This month’s New Oxford Review contains a book review on From Darwin to Hitler: Evolutionary Ethics, Eugenics and Racism in Germany, which addresses the philosophical and religious changes that led to the eugenic crimes of doctors in Nazi Germany.
From the review:
Even so, Weikart concedes that these intellectuals who “built their worldview on science” may not have realized that at the foundation of their edifice were certain “philosophical presuppositions” that did not come “from empirical science and about which science could not arbitrate.” In other words, as brilliant as they were, these German scholars and scientists could not quite manage to draw the line between the science of Darwin and Darwinian moral philosophy.
But, what have Darwin and a few rogue doctors in the history of Germany got to do with post-Holocaust Americans?
The review (as well as another available only to subscribers to the Journal of the American Medical Association on the book, Nazi Medicine and the Nuremberg Trials: From Medical War Crimes to Informed Consentby Paul Julian Weindling) reminded me of an earlier article “The Evolution of Genocide,” by Rebecca Messall, in the Winter 1999 issue of the Human Life Review. Ms. Messall became interested in the evolution controversy played out over the last decade in Kansas, State-mandated “National Science Education Standards,” and her discovery that “a Huxleyan eugenic vision forms the theoretical model of the National Science Education Standards.”
According to the 1959 president of the American Eugenics Society, Harry L. Shapiro, three essentials of eugenics are Darwin’s natural selection, Malthus’ idea of scarcity, and Mendel’s analysis of heredity. These are the elements of eugenics, whether or not it is re-named “unified concepts” or “evolutionary biology,” or “synthesis.” In fact the themes reinforced by the NSES’ thirteen year long curriculum are population genetics, natural selection and Malthusian scarcity.
Ms. Messall lays out the connection between the sponsors and authors of Kansas’ science standards and various “mainstream” (and government funded) science associations, academies and societies:
The leaders of the effort to “unify” biology and other sciences around natural selection were in fact, as revealed by (Kathryn) O’Keefe’s research, some of the century’s leading eugenicists.
. . . Despite such a glaring historical lapse in a Harvard-published book purporting to be a history of biology, “Science as a Way of Knowing” is incorporated by reference into the NSES, at least twice for further reading, and the phrase is used and highlighted in the NSES text.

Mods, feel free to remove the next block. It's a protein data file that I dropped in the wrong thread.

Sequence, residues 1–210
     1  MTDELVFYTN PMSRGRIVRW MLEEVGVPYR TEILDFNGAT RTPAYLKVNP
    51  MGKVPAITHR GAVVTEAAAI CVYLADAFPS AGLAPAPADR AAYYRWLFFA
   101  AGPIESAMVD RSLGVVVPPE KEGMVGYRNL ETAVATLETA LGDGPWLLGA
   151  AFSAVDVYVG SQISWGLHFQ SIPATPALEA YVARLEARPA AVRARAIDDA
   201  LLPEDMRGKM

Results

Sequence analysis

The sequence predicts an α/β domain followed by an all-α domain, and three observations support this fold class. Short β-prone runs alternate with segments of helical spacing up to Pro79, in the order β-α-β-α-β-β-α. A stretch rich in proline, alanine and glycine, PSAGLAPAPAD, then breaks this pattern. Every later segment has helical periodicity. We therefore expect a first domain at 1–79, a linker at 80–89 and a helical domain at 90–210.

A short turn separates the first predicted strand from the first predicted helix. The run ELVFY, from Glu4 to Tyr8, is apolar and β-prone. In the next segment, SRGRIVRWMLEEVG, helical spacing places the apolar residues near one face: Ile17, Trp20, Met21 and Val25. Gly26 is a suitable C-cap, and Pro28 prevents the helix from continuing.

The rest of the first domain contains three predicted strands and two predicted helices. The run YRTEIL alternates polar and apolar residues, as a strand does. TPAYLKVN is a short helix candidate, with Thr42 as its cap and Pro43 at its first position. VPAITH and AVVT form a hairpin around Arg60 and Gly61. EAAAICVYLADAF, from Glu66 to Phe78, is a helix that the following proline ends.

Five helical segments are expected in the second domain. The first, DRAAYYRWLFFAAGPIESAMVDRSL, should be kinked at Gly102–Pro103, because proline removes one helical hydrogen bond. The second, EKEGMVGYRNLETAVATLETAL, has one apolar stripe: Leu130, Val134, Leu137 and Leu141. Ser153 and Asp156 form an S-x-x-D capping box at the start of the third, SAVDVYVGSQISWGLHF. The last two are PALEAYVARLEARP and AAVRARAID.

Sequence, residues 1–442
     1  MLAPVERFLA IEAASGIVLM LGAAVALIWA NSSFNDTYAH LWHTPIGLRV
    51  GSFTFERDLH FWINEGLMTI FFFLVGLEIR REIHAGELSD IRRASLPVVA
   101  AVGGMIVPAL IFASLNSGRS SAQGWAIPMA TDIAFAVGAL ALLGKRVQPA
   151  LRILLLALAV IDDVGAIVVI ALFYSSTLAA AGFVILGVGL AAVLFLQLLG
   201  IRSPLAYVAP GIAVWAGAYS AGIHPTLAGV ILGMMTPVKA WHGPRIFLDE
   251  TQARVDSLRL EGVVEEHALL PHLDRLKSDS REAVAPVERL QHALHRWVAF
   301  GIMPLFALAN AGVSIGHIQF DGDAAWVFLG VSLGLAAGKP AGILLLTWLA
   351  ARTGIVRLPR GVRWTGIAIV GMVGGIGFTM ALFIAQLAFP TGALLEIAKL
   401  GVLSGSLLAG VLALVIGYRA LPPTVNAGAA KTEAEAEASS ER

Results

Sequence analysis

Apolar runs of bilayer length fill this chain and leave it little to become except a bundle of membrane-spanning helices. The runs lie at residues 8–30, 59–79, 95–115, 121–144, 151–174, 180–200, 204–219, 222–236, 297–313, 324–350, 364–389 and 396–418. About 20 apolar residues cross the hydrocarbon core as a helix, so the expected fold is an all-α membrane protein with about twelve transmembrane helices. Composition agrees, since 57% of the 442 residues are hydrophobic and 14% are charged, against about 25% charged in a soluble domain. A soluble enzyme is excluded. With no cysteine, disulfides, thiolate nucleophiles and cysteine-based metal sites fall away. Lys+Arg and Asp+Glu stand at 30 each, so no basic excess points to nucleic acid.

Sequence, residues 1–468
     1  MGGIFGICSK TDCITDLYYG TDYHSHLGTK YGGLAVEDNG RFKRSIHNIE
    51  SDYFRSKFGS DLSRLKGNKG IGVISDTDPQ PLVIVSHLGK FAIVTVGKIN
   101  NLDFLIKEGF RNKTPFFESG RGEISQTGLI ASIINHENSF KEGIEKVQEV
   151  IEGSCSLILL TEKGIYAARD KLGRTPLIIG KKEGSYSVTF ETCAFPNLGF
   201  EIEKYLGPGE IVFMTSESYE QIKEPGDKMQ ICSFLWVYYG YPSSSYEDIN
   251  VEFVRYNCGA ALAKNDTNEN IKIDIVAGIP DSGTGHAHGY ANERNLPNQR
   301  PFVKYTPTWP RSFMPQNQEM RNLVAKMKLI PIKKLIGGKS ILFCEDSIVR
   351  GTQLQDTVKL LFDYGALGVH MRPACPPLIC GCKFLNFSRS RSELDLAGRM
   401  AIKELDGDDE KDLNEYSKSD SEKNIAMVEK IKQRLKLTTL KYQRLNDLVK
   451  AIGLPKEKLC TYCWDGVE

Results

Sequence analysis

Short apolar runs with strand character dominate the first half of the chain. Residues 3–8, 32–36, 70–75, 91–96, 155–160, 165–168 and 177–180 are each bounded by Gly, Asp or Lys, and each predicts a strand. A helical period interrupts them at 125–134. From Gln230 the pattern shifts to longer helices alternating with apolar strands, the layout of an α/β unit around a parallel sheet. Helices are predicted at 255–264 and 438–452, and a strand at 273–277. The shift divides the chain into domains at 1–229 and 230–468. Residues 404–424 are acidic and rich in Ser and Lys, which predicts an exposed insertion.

I was alarmed that the NSES relied heavily on Moore’s book as a reference and even incorporated its title throughout the text. But it concerned me more that, on its dust jacket, his 1993 book bears official endorsements by, among others, the highest-ranking men in the groups overseeing the national standards and two other men with decidedly bio-philosophical points of view:
=>the President of the National Academy of Sciences, Bruce Alberts
=>F. James Rutherford, head of the AAAS Project 2061 education initiative
=>an elderly Harvard evolutionist, Ernst Mayr, who was a central figure in founding a post-war group to promote the idea of a “unity of the sciences,” called the Society for the Study of Evolution (SSE) and its journal, Evolution
=>Paul Ehrlich, original population control advocate/author.
Out of seven endorsers listed on Moore’s book cover, four are contributors to the NSES. Moore and at least four endorsers appear to have been colleagues in Huxley and Mayr’s Society for the Study of Evolution, a group for which Moore is himself a past-president.
According to documentation in Smocovitis’ Unifying Biology, it was Huxley and his contemporary, Ernst Mayr who formed the Society for the Study of Evolution as part of their move to “synthesize” or “unify” (some might say contaminate) all concepts of science with Darwin’s doctrine of natural selection.
The book, Science as a Way of Knowing is excerpted at Amazon.com
Be sure and read the part about animism on page 13 – and the dismissive quote about souls and barbarians.